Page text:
With Instagram we became able to reach out to vast international audiences with just a few clicks of buttons on our smartphones – this has almost replaced the traditional way of how art dealers used to approach galleries and how art was sold and showcased just a decade ago. Online self-representation/promotion has become a new trend amongst emerging artists and it has profoundly changed the way art businesses and galleries work now.
Hugely popular instagram account @ratedmodernart has become one of the top ‘Instagram galleries’ and has provided exposure for a vast number of artists who are proactive in self-promotion.
We’ve met up with the curators of @ratedmodernart, to discuss how and when social media exploded into the art world and became one of the key online platforms for artists, collectors, galleries and all creatives. What’s good and bad about it, what are the prospects…?
AMM: Could you please tell us about the time you first started the venture with the RatedModernArt Instagram account. How difficult was it to build an audience and grow it to such a highly popular art account?
RMA: @RatedModernArt (RMA) was created June, 2015. We were inspired by Art Basel, an annual art event. We started out posting a lot of images from the show and used the #artbasel hashtag which created a lot of traffic on our page right away. About a month later, other art sharing pages on Instagram contacted us and we started cross promoting with them which helped us grow quickly.
AMM: How has RatedModernArt changed if at all from its start to now – have you found your role changing as your reach has increased?
RMA: Our focus has always been the same, which is to connect people with art. The form of this can vary between pushing the fascination that art inspires, to placing an artist’s painting in the home of a collector. With the growth in our audience and a very focused page that has garnered interest from many well-known players in the art space, things have become easier, as momentum and recognition are powerful forces.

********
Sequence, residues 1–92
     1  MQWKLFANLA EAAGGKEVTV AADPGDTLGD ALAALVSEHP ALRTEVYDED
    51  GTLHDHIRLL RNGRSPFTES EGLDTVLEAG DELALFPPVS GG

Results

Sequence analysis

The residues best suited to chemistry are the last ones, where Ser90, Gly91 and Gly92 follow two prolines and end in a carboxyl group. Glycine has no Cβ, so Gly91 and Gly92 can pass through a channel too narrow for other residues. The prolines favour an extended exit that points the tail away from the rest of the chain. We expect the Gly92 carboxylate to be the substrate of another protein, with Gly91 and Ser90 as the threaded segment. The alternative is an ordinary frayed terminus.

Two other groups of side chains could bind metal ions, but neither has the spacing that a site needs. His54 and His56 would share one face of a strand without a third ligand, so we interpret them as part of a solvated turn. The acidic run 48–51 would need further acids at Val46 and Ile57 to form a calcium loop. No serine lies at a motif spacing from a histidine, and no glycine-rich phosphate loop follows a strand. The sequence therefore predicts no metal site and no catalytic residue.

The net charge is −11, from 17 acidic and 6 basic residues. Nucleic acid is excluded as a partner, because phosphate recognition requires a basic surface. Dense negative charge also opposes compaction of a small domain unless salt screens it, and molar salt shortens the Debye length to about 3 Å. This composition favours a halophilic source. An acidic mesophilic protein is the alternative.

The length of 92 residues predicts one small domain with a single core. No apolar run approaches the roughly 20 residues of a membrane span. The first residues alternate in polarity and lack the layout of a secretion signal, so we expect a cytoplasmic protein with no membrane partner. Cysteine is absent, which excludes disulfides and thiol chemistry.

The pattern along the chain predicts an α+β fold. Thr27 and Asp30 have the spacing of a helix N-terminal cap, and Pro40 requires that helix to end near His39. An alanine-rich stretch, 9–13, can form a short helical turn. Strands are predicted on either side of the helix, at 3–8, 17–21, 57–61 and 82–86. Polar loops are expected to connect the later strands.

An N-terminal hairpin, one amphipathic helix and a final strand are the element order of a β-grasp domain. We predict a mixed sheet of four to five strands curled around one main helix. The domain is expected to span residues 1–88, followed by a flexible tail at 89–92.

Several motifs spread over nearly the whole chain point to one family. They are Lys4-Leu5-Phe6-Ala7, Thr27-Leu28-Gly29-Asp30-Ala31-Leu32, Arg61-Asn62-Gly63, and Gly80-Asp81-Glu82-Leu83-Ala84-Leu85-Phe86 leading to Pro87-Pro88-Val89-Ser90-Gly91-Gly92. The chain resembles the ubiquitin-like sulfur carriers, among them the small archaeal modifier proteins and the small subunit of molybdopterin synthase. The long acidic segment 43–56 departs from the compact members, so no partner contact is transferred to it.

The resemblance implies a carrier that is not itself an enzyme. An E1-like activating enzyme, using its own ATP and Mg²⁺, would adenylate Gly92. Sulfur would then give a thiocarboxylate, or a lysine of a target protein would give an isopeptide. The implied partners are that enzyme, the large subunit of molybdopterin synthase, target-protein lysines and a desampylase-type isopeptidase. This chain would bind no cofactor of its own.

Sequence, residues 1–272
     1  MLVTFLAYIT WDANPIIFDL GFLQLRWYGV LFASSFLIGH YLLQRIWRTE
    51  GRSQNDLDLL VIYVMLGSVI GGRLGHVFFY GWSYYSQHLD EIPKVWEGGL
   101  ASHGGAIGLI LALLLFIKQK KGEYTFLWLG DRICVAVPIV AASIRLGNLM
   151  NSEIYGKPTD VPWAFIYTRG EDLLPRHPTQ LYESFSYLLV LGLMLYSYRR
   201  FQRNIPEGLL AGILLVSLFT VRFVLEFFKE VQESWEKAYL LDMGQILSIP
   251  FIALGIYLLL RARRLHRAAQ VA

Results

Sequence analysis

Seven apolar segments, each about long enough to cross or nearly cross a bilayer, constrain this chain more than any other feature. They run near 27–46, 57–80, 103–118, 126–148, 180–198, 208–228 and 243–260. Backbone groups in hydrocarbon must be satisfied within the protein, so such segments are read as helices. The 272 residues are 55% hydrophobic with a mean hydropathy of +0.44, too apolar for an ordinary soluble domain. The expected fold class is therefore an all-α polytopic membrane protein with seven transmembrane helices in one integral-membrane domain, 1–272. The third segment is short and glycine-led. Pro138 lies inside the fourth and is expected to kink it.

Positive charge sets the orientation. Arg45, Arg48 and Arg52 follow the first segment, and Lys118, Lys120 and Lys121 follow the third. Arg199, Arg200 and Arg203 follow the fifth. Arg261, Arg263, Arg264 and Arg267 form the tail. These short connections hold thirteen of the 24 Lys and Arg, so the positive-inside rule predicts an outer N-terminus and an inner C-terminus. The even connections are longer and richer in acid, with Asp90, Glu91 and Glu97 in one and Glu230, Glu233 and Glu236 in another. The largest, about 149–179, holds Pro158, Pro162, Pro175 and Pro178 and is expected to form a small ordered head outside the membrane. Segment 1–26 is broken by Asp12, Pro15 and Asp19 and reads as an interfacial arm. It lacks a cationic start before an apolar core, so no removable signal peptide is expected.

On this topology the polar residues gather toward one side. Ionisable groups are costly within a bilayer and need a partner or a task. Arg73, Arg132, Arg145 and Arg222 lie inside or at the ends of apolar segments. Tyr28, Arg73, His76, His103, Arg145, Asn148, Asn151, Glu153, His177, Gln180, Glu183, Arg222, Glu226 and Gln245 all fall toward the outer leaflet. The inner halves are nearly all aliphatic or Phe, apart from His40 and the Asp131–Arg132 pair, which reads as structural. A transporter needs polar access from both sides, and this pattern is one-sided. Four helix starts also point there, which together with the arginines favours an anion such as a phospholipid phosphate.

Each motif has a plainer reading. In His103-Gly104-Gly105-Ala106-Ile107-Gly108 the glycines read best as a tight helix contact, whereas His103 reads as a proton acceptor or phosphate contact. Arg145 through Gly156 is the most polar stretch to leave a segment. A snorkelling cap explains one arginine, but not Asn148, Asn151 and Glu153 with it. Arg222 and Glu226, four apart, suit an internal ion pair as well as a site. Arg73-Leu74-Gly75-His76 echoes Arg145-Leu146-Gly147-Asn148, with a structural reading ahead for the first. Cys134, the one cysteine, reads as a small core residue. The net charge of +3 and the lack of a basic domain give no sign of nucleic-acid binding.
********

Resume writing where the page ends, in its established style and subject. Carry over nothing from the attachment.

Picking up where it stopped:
AMM: Instagram launched in 2010, and in only 7 years this platform has become the key social media above all others for many creatives – how early did you realize the opportunity of using Instagram as a tool for helping to promote the arts?
RMA: When we first created the account, we didn’t realize Instagram had such a large role in connecting artists to galleries and art collectors. There weren’t many contemporary art sharing pages around back then—mostly lowbrow or kitsch — so we wanted to create a site that was geared towards higher end art. We realized the opportunity of using Instagram as a tool for helping to promote the arts after receiving positive feedback from artists we promoted telling us they received gallery representation and/or sold their artwork through us. Being featured on our page helped them develop relationships that might not otherwise have been possible.
AMM: Did you always believe that a social media tool such as Instagram could turn out to be so powerful in terms of bringing together artists, collectors, galleries and art platforms from all over the world?
RMA: Initially no, because the traditional way of looking at art in the past had been via art galleries and museums. Hundreds of millions of people are now using the app worldwide, and we have been able to subvert the art market with our Instagram page. We now think of our page as an international art gallery that is open for viewing 24/7.
In an average art gallery, the artwork gets viewed by hundreds of locals. On our page it gets viewed by nearly 600,000+ individuals worldwide! With just one click, any individual, no matter where they are, has direct access to the artwork we share.
AMM: The New York Times earlier this year wrote an article around how Instagram has become a “commercial game changer for the art market” – it’s hard to disagree, but how do you see Instagram as a platform in the next 5 or 10 years? The world is constantly evolving; will it be just as integral?